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VR, robots, drones and Lego attract potential engineers

Virtual reality displays, technical challenges, and fun with machines, water, paper, mud and Lego attracted over 2200 parents, students and children to Shed 6 on Queen’s Wharf on Saturday for the annual free public Engineering Expo.

Story and photos by Mark Cubey unless credited otherwise

The Engineering Expo capped off the third annual Week of Engineering around the country.

Interactive activities were very much to the fore, as Engineering New Zealand focused on getting children interested in engineering from as young an age as possible.

Engineering New Zealand Chief Executive, Susan Freeman-Greene, said that Engineering Week is designed to offer people the opportunity to feed their natural curiosity and get hands-on with the latest, future-led engineering technology.

“Tomorrow’s engineers will have jobs that don’t even exist today – and we want to open young minds to this world of possibility.”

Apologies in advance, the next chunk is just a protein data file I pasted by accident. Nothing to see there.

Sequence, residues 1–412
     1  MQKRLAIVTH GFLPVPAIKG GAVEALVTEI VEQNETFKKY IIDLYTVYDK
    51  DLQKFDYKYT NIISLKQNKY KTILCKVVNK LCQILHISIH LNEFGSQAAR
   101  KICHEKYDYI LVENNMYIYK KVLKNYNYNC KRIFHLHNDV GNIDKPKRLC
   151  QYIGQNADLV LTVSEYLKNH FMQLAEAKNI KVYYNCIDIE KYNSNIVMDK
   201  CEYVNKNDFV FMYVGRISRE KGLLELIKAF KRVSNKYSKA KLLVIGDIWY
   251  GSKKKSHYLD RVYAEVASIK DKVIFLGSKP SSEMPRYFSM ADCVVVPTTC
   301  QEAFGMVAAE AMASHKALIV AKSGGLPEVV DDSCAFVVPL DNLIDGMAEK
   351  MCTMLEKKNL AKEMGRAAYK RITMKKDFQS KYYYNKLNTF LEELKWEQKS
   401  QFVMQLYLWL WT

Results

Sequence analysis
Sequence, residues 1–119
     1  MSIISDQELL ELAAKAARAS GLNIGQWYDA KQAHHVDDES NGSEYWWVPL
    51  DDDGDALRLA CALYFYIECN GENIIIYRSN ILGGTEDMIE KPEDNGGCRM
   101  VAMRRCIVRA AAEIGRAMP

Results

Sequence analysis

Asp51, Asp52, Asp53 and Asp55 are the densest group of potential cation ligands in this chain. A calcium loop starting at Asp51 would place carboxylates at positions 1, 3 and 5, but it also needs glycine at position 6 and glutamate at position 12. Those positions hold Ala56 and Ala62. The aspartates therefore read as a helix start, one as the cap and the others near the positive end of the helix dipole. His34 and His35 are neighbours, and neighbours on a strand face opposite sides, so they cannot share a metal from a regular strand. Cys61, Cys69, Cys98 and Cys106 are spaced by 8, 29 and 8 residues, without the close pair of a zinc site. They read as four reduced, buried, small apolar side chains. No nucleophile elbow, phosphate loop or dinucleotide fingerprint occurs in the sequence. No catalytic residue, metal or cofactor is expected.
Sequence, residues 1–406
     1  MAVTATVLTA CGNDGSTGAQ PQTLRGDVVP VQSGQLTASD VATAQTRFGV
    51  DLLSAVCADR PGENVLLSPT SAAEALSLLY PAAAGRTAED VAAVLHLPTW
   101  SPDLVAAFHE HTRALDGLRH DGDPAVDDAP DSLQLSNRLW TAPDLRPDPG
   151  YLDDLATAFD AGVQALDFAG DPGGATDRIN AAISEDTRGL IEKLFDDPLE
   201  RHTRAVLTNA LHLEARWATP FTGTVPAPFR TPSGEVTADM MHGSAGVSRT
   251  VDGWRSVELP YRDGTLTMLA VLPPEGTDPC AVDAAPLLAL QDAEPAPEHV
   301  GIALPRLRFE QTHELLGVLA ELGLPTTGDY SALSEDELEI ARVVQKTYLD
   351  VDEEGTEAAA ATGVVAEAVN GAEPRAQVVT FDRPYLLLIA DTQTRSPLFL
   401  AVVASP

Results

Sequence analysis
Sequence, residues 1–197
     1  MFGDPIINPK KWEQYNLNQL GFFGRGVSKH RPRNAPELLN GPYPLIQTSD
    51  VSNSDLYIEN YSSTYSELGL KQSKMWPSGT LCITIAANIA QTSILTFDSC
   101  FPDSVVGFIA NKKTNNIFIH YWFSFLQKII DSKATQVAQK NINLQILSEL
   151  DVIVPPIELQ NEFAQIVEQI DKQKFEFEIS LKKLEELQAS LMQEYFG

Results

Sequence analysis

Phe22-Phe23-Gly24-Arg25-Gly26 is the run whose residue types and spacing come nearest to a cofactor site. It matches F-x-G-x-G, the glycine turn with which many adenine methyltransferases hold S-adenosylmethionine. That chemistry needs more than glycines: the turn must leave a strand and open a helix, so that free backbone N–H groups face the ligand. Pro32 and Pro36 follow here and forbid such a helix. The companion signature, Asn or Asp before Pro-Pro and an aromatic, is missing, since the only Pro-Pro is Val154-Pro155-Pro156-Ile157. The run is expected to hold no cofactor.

Photo by Mark Tantrum/ http://marktantrum.com

A number of virtual reality simulators attracted long queues of children eager to immerse themselves in BECA’s virtual New Plymouth airport, or climb one of Meridian Energy’s wind turbines.

The New Zealand Defence Force was out in… force, with army packs, 3D printed weapon parts, and other examples of how engineering is transforming the military.

A Navy demonstration of how a thin A4 sheet can form a boat capable of keeping 1.2kg of sand bags afloat was a popular test for children.

Across the hall, sheets of paper were folded in diverse ways to support iron weights, with the winning entry supporting a total weight of 13.75kg – plus a paperback book.

The Lego play pit run by Hutt City Libraries was in constant use, alongside children constructing geared robots that then battled under remote control at a nearby stand.

Drones, operating 3D printers, Jacob’s ladders and bridge and tower building challenges also  grabbed the interest of young potential engineers.

Two other free public expos on Saturday in Auckland and Christchurch helped attract more than 7000 people across the three centres.

Ms Freeman-Greene says the industry has come together behind Engineering Week because New Zealand needs more engineers.

“Engineering is a wide-ranging and creative profession, yet there exists a large skills shortage in New Zealand.”